The Tenth Girl by Sara Faring

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The Tenth Girl by Sara Faring

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Simmering in Patagonian myth, The Tenth Girl is a gothic psychological thriller with a haunting twist.

At the very southern tip of South America looms an isolated finishing school. Legend has it that the land will curse those who settle there. But for Mavi—a bold Buenos Aires native fleeing the military regime that took her mother—it offers an escape to a new life as a young teacher to Argentina’s elite girls.

Mavi tries to embrace the strangeness of the imposing house—despite warnings not to roam at night, threats from an enigmatic young man, and rumors of mysterious Others. But one of Mavi’s ten students is missing, and when students and teachers alike begin to behave as if possessed, the forces haunting this unholy cliff will no longer be ignored.

One of these spirits holds a secret that could unravel Mavi’s existence. In order to survive she must solve a cosmic mystery—and then fight for her life.


If this book excels in anything, it’s atmosphere.

Of all the things in The Tenth Girl, I appreciate Sara Faring’s commitment to atmosphere the most. From the very first pages, Mavi’s life in this haunting school is shadowed by mystery and misery in a way that’s nearly tangible. In such a remote place, where ice and gloom form the bulk of the landscape, and the halls are host to all manner of beings, some mortal, some otherwise, the reader gets the impression something dangerous and unearthly is a foot. As far as setting the tone goes, it’s an incredible achievement, pulled off seamlessly.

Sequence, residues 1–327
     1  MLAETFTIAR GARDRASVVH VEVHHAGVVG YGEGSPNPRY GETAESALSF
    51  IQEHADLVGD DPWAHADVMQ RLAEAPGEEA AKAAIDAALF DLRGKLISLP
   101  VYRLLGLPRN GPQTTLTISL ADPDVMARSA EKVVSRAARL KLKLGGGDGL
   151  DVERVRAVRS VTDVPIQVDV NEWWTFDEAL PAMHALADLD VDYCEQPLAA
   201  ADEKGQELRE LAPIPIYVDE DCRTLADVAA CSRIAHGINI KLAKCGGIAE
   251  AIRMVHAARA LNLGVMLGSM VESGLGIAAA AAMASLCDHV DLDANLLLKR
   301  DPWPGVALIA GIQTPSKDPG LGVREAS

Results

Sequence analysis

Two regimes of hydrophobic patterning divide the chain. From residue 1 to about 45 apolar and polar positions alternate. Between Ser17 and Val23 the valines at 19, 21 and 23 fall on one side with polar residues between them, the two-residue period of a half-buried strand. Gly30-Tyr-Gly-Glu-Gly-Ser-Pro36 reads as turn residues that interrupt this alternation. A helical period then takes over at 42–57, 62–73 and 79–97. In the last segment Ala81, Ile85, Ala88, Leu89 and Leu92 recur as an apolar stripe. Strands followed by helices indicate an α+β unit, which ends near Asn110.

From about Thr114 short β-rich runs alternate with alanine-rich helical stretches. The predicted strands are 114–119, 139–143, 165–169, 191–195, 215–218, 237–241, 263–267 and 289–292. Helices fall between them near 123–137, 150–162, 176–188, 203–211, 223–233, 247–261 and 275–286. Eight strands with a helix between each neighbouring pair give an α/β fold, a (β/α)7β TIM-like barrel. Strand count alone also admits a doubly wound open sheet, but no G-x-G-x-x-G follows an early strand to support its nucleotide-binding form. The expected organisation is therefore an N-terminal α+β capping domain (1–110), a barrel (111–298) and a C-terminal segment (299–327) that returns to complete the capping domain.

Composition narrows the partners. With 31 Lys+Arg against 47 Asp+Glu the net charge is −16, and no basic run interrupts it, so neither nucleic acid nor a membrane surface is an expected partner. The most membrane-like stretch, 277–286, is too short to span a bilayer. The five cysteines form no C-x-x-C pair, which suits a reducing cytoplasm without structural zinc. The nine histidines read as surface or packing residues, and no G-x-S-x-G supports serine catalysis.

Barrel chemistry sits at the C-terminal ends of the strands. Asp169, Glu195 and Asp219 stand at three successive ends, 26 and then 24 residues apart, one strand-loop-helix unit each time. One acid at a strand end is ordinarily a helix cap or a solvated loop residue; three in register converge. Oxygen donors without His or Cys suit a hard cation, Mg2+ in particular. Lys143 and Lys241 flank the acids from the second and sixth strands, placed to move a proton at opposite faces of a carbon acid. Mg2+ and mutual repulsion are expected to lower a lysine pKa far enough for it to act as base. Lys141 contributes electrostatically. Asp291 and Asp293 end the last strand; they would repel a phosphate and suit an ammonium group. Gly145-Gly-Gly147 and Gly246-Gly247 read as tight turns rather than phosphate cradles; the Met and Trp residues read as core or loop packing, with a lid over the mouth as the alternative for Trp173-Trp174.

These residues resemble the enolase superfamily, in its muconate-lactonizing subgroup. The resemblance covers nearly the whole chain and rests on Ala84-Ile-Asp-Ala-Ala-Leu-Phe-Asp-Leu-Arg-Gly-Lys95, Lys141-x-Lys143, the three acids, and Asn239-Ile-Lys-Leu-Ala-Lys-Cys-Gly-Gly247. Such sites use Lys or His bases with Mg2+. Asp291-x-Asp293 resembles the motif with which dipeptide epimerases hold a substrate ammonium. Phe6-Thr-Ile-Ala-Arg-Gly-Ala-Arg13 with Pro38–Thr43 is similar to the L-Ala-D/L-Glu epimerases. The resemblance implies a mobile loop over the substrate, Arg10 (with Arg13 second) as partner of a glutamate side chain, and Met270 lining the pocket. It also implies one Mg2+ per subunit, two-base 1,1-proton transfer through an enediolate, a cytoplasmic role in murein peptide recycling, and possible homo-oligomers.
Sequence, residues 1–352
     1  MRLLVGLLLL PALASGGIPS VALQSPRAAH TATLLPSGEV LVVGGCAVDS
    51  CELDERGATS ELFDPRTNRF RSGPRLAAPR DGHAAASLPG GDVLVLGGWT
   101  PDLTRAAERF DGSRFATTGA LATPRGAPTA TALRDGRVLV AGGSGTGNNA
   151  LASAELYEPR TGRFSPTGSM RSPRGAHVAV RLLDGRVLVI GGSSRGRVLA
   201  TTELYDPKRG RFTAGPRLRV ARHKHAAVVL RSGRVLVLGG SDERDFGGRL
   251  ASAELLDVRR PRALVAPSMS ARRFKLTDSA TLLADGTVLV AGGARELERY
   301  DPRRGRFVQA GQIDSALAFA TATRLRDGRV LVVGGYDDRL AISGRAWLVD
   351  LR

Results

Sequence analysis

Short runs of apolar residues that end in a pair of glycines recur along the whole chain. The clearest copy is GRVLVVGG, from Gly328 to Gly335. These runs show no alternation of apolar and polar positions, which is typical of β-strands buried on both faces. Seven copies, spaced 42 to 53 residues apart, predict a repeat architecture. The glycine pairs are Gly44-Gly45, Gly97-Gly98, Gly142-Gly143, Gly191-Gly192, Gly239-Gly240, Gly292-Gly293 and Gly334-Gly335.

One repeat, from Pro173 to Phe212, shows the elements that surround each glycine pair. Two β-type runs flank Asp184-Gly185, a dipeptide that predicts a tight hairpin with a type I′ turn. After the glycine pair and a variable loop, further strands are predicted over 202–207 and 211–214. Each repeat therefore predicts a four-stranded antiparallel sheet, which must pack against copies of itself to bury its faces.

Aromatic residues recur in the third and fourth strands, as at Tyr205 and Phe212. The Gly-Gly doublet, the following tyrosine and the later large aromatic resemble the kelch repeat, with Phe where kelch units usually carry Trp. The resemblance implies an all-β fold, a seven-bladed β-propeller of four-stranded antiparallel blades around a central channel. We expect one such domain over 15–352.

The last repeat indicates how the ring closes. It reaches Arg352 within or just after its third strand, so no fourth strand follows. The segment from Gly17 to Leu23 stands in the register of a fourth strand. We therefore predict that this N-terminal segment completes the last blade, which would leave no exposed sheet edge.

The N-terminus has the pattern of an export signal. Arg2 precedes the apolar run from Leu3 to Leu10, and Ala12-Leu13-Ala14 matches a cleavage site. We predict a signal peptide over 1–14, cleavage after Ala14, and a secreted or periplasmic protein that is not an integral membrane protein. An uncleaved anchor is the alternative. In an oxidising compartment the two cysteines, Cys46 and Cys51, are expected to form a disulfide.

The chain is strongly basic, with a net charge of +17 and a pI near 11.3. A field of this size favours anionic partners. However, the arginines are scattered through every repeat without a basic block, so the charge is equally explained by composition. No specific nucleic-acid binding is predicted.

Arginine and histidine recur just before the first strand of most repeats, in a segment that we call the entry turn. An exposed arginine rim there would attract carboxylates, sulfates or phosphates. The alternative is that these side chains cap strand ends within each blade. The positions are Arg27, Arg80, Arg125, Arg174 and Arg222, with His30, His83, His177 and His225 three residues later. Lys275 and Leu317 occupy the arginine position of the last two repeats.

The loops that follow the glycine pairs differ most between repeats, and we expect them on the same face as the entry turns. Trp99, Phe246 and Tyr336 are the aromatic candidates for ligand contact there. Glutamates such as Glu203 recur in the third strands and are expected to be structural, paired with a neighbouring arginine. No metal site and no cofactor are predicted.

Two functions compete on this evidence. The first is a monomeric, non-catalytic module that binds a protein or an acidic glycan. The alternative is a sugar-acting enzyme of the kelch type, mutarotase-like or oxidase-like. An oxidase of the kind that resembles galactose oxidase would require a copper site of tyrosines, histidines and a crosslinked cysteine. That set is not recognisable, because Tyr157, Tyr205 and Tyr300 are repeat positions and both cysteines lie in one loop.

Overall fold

I really do take notice, too, when another author shows such strength in prose. Sinking into the setting is a crucial part of enjoying a book (at least for me), and I’m always delighted when I discover I can dive in so seamlessly. All the better for novels in the horror/thriller categories, too! Atmosphere plays a critical role in those genres in particular, and without it, this read just wouldn’t be the same.

“Purpose is a set of wings, strapped to the unexceptional so they can fly.”

The characters, too, held my attention. I see some reviewers saying they didn’t like anyone, and I can understand that. None of the characters are particularly likable, and more than a few feel flat. But within the ultimate context of the plot, and seeing as The Tenth Girl pushes the worst of humans to the forefront, examining just how terrible they can be when left to their own devices, a lot of the character structure made narrative sense.

Plus, I particularly liked the ways in which Mavi came to assert herself. Rather than accept the uncanny in the school, she makes an active effort to protect the students and see everyone to safety. At the very same time, though, she’s eighteen and out of her depth where finishing schools and ghostly mysteries are concerned. It leaves her hanging between points of vulnerability and determination that I really appreciated.

Her counterpoint, Angel, also held my interest. He (and I use this pronoun only because Angel is not referred to with pronouns save when pretending to be Dom) plays a role that forces him to confront his best impulses and worst mistakes, and has to decide what in this world matters most to him. I do love a character examining their own morality. Better yet, I love a character examining their own morality in the middle of a pivotal point, where they could swing toward any which way.